I’ve done a few posts this year about the expanding role of schools as social service providers. Here’s another one….
The recent report on Adam Lanza’s mental health before he killed a bunch of school kids in Connecticut is pretty sad. The poor kid was a mess. Professionals told the Lanzas that their child needed immediate help and probably medication for a whole range of problems. He mostly likely needed residential treatment at some institution. These problems were obvious to everybody, but his parents.
His parents, particularly his mother, didn’t get him the treatment that he needed. They were in denial. And who can blame them? It’s a HUGE thing to get your mind around the idea that your child needs institutional care. So, they did things that made his mental problems worse. They let the boy isolate himself more and left guns around the house.
Let’s leave the gun thing aside for the moment and talk about the isolation. It’s very, very, very easy to become isolated when a child has any sort of disability. We touched on that a bit in the last comment thread. Between the child’s extreme behavior and the lack of community supports for people who aren’t average, the default is hermitry. It takes an enormous amount of energy and resources to prevent that from happening. I don’t blame the parents for sliding into isolation.
I blame everyone else.
We need systems in place, so that the burden for caring for children with extreme issues doesn’t fall solely on one or two people. It’s American individualism gone terribly wrong.
The report highlights the school district’s errors.
The OCA report is also critical of the educational professionals that dealt with Lanza, designing an individual educational plan for him after he was withdrawn from the normal high school classroom setting at his mother’s request.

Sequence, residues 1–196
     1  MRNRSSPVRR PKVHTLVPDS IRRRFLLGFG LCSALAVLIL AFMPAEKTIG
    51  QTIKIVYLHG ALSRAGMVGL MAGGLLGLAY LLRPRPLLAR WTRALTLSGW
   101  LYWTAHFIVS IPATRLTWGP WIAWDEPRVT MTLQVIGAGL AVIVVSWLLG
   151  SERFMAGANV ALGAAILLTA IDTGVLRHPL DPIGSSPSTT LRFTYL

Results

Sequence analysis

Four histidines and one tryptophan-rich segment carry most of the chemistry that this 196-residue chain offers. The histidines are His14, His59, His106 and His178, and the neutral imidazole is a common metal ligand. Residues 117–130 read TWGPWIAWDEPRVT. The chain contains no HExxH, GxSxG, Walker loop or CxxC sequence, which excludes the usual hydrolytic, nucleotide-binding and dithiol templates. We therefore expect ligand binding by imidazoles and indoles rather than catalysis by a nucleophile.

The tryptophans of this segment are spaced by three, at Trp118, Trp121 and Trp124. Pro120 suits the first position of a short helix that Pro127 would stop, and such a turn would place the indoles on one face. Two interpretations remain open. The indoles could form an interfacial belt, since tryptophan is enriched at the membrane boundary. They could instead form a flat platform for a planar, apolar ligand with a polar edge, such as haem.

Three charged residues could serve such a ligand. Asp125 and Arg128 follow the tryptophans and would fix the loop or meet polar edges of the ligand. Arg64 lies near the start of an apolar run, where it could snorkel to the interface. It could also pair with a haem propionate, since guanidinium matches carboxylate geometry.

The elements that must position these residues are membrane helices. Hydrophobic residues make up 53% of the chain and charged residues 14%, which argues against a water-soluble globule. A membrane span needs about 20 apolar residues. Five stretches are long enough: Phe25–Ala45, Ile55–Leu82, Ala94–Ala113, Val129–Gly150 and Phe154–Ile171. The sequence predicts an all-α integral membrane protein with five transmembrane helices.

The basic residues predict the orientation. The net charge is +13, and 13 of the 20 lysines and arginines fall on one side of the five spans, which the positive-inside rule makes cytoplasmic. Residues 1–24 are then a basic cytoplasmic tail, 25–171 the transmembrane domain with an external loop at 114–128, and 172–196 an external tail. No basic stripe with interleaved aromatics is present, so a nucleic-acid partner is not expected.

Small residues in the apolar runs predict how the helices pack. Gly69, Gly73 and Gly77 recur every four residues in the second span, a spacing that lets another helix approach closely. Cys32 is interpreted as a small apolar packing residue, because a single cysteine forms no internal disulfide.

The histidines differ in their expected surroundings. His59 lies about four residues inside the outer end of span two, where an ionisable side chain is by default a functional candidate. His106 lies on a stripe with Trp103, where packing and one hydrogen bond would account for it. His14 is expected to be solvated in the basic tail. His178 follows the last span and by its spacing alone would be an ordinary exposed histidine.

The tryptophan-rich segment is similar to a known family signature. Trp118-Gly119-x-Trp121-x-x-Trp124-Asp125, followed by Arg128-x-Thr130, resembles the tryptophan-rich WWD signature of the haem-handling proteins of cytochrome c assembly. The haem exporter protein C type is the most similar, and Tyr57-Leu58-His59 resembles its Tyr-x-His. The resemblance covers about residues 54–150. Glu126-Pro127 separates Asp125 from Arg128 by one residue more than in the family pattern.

The report found records indicating that the school system “unwittingly enabled Mrs. Lanza’s preference to accommodate and appease AL through the educational plan’s lack of attention to social-emotional support, failure to provide related services, and agreement to AL’s plan of independent study and early graduation age 17.”
Somehow, school districts have become responsible for health care related issues of children between 3-21. They hire neurologists and psychologists to diagnose everything from anxiety disorders to OCD to bipolar disorder. It’s nearly impossible for pediatricians to pick up on any problems in their five minute yearly visits. Now that school districts are responsible for educating kids regardless of their disability, they have gotten in the mental health field.
Schools do not want this responsibility. They HATE this responsibility. It’s expensive to them and outside their mission of educating typical children. So, they do whatever they can to evade this responsibility. When faced with a passive and oblivious parent, like Lanza, they do the side step away from these responsibilities as fast as they can.
Now, maybe schools shouldn’t be in the business of treating the full range of problems associated with autism, cerebral palsy, or selective mutism. Teachers don’t attend medical school. Many problems simply cannot be addressed by a 23-year girl with BA in education from a less selective college.
The problem is that somebody needs to be involved. We cannot let families float along without any help. They need more guidance. They need financial support for expensive services. They need professionals in their homes. I would say that this responsibility should fall with the social workers at state child protection departments, but they have proven incompetent too many times. New systems need to be established.
We shouldn’t do these things to avoid another Sandy Hook. Most people, even with severe mental health problems like Lanza, won’t commit a mass murder. We need to guide parents, and maybe even force them, to let their children enter state-run mental health centers, because it is simply the right thing to do.